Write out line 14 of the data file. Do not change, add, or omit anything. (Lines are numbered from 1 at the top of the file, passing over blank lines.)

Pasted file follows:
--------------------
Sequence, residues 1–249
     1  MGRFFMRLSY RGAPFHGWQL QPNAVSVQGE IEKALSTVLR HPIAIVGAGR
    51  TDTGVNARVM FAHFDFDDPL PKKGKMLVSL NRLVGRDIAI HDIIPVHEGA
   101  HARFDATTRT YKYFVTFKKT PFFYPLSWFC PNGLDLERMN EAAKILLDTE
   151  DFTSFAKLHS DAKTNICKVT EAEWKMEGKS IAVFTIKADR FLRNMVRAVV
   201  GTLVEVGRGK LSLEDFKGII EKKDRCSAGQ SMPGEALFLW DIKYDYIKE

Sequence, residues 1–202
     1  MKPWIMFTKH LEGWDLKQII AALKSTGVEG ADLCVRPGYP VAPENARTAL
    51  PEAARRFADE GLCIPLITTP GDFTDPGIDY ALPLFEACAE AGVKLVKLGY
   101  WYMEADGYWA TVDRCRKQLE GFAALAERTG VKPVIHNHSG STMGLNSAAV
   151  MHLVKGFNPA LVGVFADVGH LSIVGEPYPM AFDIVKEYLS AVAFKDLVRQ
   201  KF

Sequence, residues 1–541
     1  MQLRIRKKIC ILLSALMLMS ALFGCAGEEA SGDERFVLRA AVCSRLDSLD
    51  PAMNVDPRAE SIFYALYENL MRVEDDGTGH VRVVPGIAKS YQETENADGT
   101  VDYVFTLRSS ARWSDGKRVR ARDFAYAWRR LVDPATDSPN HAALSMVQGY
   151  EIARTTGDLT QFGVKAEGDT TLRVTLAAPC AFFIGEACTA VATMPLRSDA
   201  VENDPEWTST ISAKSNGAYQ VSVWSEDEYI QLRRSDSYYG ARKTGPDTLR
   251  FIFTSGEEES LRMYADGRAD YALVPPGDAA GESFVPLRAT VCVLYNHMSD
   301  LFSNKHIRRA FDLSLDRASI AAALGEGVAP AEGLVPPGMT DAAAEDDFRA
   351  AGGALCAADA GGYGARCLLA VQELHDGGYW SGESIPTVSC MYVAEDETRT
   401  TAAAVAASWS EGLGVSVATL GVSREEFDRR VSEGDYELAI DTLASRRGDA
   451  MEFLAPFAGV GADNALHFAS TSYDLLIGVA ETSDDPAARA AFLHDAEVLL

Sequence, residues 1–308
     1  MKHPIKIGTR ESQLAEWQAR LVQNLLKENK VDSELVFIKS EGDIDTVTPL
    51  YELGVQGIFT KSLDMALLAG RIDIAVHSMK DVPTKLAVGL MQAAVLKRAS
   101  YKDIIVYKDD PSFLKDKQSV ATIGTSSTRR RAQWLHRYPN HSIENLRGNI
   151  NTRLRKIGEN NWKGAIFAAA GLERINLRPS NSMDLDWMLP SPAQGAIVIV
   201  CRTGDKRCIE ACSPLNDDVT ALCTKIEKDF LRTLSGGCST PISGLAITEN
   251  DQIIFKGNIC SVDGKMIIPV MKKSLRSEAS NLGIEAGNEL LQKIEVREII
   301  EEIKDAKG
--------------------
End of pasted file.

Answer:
     1  MQLRIRKKIC ILLSALMLMS ALFGCAGEEA SGDERFVLRA AVCSRLDSLD